## Elena Pulvirenti

Biography

**Short bio:**

I am an Assistant Professor at Delft Institute of Applied Mathematics, TU Delft. My research interests are mathematical statistical mechanics and probability, with a particular focus on metastability for birth and death processes, metastability for Glauber dynamics on random graphs, equilibrium phase transitions and cluster expansion.

**Title: Metastability of interacting particle systems: from discrete to continuum models**

**Abstract: **

The seemingly stable behaviour of a system which, after a long time and upon reaching a critical configuration suddenly transitions to its true stable state is called *metastability*. The distinguishing feature of metastability is that a dynamical system exhibits a very different behaviour on different time scales: while the system quickly reaches a metastable state, it takes a very long time for it to transition to the stable one.

**Lecture** **1**.

I will start by heuristically explaining the phenomenon of metastability and its universality. Then, I will explain how one can model this behaviour in the setting of Markov processes and how one can study it mathematically with the help of *potential theory*. This approach, initiated around 2000, interprets the metastability phenomenon as a sequence of visits by the path to different metastable sets and focuses on the precise analysis of the respective hitting probabilities and hitting times of these sets. The key to estimating these mean hitting times is to express them in terms of two fundamental objects from potential theory: the *capacity* and the *equilibrium potential*. Estimates on the former can be obtained with the help of well-known variational principles (such as the Dirichlet and Thomson principles), while estimates on the latter are generally more involved. I will conclude by applying these methods to two simple examples: the *random walk* and the *Curie-Weiss* model for ferromagnets.

**Lecture** **2**. I will discuss the metastable behaviour of three types of mean-field-like spin systems with *random couplings*: the disordered Curie-Weiss model, a general spin system with inhomogeneous bond disorder and the dilute Potts model. This class of models comprises, for example, both the Ising model and the Potts model on inhomogeneous dense random graphs. I will then present quantitative estimates of metastability in large volumes at fixed temperatures when these systems evolve according to a *Glauber* *dynamics*, i.e. where spins flip with Metropolis rates. A first result identifies conditions ensuring that with high probability the system behaves like the corresponding system where the random couplings are replaced by their averages. More precisely, we prove that the metastability of the former system is implied with high probability by the metastability of the latter. Moreover, I will show relevant metastable hitting times of the two systems and find the asymptotic tail behaviour and the moments of their ratio. Based on joint works in collaboration with Anton Bovier (Bonn), Johan Dubbeldam (Delft), Frank den Hollander (Leiden), Vicente Lenz (Delft), Saeda Marello (Bonn) and Martin Slowik (Mannheim).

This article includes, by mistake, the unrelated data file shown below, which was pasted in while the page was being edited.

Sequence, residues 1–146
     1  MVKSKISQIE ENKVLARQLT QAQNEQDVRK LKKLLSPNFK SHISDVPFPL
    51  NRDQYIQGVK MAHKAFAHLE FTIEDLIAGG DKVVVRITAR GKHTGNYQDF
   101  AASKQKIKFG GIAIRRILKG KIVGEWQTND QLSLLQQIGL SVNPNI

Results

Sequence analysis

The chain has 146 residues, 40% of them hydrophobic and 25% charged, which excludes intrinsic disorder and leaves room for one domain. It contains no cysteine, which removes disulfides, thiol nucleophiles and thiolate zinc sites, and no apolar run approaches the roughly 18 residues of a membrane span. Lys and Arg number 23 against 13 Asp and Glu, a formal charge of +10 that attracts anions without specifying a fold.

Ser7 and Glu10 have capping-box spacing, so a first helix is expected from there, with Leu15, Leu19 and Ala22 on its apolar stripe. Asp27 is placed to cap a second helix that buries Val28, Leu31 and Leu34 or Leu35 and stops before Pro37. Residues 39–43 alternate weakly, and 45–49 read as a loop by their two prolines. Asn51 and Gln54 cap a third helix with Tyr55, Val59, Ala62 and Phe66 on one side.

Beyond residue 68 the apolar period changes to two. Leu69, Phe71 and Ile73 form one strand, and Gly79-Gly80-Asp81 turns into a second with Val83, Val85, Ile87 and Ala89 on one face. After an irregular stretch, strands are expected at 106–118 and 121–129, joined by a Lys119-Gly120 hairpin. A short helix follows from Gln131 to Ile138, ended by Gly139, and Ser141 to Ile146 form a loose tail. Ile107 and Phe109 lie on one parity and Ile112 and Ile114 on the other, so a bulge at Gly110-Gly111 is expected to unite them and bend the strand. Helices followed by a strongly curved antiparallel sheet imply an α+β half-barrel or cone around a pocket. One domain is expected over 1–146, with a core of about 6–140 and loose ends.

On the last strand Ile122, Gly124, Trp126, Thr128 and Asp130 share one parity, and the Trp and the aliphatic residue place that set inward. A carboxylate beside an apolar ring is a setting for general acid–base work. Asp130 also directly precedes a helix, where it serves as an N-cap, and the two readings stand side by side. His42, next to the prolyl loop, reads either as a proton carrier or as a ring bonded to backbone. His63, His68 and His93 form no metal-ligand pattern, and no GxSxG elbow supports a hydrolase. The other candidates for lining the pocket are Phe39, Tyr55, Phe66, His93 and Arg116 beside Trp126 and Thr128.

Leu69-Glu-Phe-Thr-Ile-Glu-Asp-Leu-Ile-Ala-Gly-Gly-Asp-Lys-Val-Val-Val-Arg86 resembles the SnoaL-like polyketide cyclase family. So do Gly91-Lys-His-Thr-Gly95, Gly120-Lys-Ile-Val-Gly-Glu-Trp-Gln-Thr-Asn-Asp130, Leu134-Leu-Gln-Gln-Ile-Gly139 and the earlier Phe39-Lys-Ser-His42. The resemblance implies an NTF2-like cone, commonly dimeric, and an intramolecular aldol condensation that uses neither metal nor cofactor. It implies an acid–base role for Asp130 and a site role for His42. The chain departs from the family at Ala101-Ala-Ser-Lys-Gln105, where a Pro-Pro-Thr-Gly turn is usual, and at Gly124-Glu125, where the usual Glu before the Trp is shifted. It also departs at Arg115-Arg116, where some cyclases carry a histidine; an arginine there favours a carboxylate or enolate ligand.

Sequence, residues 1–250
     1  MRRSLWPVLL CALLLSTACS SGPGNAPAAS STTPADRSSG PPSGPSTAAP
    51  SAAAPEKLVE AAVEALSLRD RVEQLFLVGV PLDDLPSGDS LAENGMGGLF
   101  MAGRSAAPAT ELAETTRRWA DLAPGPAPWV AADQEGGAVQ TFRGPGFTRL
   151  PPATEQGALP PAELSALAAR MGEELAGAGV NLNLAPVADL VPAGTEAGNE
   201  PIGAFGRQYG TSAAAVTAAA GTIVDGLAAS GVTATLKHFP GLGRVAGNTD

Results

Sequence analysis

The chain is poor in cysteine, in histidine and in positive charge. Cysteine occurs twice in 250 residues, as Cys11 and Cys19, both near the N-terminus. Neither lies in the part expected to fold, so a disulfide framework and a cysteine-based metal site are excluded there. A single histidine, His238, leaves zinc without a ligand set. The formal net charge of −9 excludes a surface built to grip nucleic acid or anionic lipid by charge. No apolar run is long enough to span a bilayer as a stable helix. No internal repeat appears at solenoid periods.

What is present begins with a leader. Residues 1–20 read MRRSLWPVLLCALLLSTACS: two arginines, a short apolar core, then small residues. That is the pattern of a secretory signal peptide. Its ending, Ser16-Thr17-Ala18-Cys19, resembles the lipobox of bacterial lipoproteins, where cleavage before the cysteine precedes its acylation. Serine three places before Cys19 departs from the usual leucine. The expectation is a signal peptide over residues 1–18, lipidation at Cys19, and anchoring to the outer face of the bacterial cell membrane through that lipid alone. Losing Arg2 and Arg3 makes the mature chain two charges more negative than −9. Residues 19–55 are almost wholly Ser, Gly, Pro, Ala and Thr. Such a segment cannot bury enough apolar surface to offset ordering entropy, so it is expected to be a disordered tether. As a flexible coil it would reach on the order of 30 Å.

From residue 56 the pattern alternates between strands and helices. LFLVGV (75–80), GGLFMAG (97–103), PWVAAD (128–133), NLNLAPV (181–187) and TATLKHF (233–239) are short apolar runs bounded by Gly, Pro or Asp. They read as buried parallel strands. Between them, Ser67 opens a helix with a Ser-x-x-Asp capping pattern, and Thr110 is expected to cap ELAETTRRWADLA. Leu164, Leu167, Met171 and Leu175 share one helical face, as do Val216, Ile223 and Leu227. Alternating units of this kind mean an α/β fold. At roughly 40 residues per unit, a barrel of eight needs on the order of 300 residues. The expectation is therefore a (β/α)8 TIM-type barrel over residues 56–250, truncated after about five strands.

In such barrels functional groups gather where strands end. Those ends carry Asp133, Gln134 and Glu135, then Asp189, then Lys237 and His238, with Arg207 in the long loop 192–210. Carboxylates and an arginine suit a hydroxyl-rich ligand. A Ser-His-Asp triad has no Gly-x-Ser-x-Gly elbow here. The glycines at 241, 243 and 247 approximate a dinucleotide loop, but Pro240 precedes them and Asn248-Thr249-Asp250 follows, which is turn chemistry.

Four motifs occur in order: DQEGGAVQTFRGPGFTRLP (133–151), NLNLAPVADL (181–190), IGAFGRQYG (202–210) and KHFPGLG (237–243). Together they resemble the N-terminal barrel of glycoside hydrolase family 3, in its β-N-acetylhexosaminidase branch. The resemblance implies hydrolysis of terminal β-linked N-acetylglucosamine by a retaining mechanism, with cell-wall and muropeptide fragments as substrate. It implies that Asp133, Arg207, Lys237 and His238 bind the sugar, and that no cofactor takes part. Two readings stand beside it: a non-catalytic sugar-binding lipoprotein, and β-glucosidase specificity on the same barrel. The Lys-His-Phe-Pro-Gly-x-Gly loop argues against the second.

**Lecture** **3**. I will introduce a model of fluids in the continuum called the *Widom-Rowlinson model*. The energy of a particle configuration is determined by its halo, given by the union of unit discs centred at the positions of the particles. I will show that this model has a dual representation and exhibits a 'gas-liquid' phase transition.

I will then introduce a dynamic version of the Widom-Rowlinson model, where particles are randomly created and annihilated inside a torus as if the system were in contact with an infinite reservoir of particles. I will then discuss the metastable behaviour of the WR model, when the dynamics starts from an empty torus. In particular, I will focus on the first time when the torus is fully covered by unit discs, which can be viewed as the crossover time from a 'gas phase' to a 'liquid phase'.

I will show how in order to achieve the transition from empty to full, the system needs to create a sufficiently large droplet, called *critical droplet*, which triggers the crossover. It turns out that the critical droplet is close to a disc of a certain deterministic radius, with a boundary that is random and consists of a large number of unit discs that stick out by a small distance. A precise analysis of the *surface* *fluctuations* allows us to derive both a volume term and a surface term in the asymptotics of the average crossover time.

Based on joint works in collaboration with Frank den Hollander (Leiden), Sabine Jansen (Munich) and Roman Kotecky (Prague).